Western igbo land was divided into three cultural districts, Anioma or Asaba, IKA or agbor and ukwuani or kwale and the residents of each of these district's resisted British rule separately, confirming the assertion that one of the weaknesses of Africa resistance movement's derived from their inability to forge a wider coalition against the European invaders. Although this write up is concerned primarily with the Ekumeku movement, it is necessary to devote some discussion to the resistance of the IKA and Ukwuani in order to create a larger context for certain feat3of British colonialism and the Western igbo (Anioma) responses to them.
Two such features were British administrative irresponsibility and insensitivity, and the excessive use of force labor, which sparked off violent armed uprisings.
Clearly, the owa war was not an extension of the Ekumeku wars the former was neither planned nor joined by members of the Ekumeku. All available evidence points to the fact that the owa uprising was precipitated by the desire of the ika people to curb the excesses of the British colonial agent, expecially those of S.O. Crewe-read, who Compelled them to give free labor on road works, and flogged chiefs, elders, and youths, asked for free food, and allowed Benin chiefs to override owa decisions.
Another characteristic common to the Ika and Ukwuani risings was the fact that neither the Christian missionaries nor British traders played any part in provoking the armed conflicts. British administrative high-handedness, together with excessive demand for forced labor, were clearly overwhelming causes of discontent. It is important to note that unlike the people of Asaba, the ika and the ukwuani were not into early contract with the British, since their homelands were further removed from the Niger River. They were therefore spared the agitation British imperial policies has caused elsewhere, but by early twentieth century colonial government officials began to enforce the crown's authority with some earnestness.
As in other district's that had felt Britain's Iron hand, unrest led to rebellion: the iks resisted once (1906) and the kwale twice (1905 and 1914), and like the Ekumeku uprisings, these clashes, while not inspired by religious beliefs or charismatic figures, were. Nevertheless strong and widespread.
The ika uprising could be better described as a protest against fairly specific grievances : the great demands for compulsory labor to which ika people were subjected, the indiscriminate flogging of traditional chief's by District officers, and the abuse of the authority given by the government to certain Benin City chief resident in the ika District.
The ika were the most warlike of the Western igbo speaking people, and for centuries they had acted as a bulwark against the expansion of Benin rule into Western igbo land (Anioma) from the fifteen century to the last decade of the nineteenth century, ika land had been the scene of conflicts between Benin and the wester igbo people as a result of the ambition of the rulers (or obas) of Benin to expand their empire eastward.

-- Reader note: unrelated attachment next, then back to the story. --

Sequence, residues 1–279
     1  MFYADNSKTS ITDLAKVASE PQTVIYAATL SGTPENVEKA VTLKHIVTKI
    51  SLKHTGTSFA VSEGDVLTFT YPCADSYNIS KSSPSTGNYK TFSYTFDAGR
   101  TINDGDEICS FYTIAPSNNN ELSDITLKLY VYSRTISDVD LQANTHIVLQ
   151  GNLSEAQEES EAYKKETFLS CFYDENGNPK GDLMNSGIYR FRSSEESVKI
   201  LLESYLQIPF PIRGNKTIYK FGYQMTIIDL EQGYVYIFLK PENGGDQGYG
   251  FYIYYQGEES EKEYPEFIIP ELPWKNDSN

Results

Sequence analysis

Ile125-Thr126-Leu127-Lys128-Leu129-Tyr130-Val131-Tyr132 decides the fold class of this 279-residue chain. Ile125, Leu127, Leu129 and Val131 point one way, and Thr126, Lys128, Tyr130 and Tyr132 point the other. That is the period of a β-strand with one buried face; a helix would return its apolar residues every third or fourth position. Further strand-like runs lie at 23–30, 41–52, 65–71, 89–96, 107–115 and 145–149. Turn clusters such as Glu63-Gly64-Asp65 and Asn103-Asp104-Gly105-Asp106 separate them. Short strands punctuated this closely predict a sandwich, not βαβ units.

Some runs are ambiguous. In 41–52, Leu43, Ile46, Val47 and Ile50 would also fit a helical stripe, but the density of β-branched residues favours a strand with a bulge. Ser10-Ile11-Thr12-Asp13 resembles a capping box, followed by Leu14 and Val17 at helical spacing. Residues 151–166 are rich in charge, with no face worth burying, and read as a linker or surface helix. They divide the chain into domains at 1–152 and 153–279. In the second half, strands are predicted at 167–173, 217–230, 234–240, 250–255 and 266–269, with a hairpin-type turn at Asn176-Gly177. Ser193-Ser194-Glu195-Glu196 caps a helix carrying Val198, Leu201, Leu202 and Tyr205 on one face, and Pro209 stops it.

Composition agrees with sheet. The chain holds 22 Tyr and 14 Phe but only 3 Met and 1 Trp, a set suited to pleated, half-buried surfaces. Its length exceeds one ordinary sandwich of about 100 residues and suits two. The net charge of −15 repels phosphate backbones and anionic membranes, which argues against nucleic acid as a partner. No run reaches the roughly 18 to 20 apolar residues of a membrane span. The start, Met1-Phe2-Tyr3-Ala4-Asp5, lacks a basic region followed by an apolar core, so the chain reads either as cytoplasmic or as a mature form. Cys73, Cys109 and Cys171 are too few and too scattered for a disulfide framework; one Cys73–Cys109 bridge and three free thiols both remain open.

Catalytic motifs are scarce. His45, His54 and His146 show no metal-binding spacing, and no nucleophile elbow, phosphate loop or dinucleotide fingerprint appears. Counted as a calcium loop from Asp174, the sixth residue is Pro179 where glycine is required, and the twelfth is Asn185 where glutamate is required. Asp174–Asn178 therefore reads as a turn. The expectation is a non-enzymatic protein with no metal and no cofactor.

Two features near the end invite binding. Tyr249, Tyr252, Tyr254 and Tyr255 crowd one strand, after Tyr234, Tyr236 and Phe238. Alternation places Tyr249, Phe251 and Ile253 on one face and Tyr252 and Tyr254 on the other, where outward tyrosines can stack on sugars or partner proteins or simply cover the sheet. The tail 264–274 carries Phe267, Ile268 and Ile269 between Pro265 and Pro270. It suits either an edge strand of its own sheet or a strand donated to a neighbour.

While many Western igbo groups. Like the Ezechima clan, grew weary of the intimidation, packed their belongings, and fled East. The ika remained behind, sometimes revolting against Benin and at other times living uneasily under domination.
With the defeat of Benin empire by the British in 1897 the ika people might have hoped finally to consolidate their independence, but its was futile hope. British colonial officials, partly through an inflated conception of the extent of the Benin kingdom committed a political blunder. They imposed the representatives or nominees of the oba of Benin as the authority over the ika people of agbor, umunede, owa and ute okpu. Worse yet, sir Ralph Moor, the High commissioner, fixed a small tribute tax which the ika villages were supposed to pay to those chiefs for their services. To the ika people the decision by Britain to allow Benin chiefs to overrule their decision rendered nugatory their age-long struggle against Benin. It is therefore not surprising that from the days when Moor became the principal colonial agent in the area. The ika people registered their protest against the imposition of both British officials and Benin chiefs.
In 1902 the district commissioner of Benin was fired at while passing through agbor, in same year, chief aguobasimi son of ovonramwen, the exiled King of Benin resigned his appointment as the paramount chief of agbor being frightened to go near the place,, following this resignation another Benin chief was appointed and a military presence was established thereto enforce his appointment.
While the ika chafed under the yoke of Benin chiefs they were also made to suffer a number of humiliations at the hands of several British colonial administrators. Most of the labor used for road construction in the agbor District was forced on some of the occasion a village had to send as many as 200 men, women, children at a time to work on the road. J. Watt District commissioner of agbor in 1906, reported that it was uncommon to find two thousand peasants at work for considerable periods. He also noted also that pressure was put upon the chiefs to supply labor and as a young man of owa told him the youths often said (this is a bad work) that our father's make us do.. It is little wonder then that by 1904 owa and a number of towns in the agbor district had begun to protest British rule. First they refused to provide the British agents with the usual free food and in due course they fled to avoid conscription.
Of all the officials who served in the agbor District S.O Crewe-Read the district commissioner of agbor during 1904-10 1906 was the most dreaded.
Will be posting part two of this article on my next post.
~Onyenwemadu kainyinebi~

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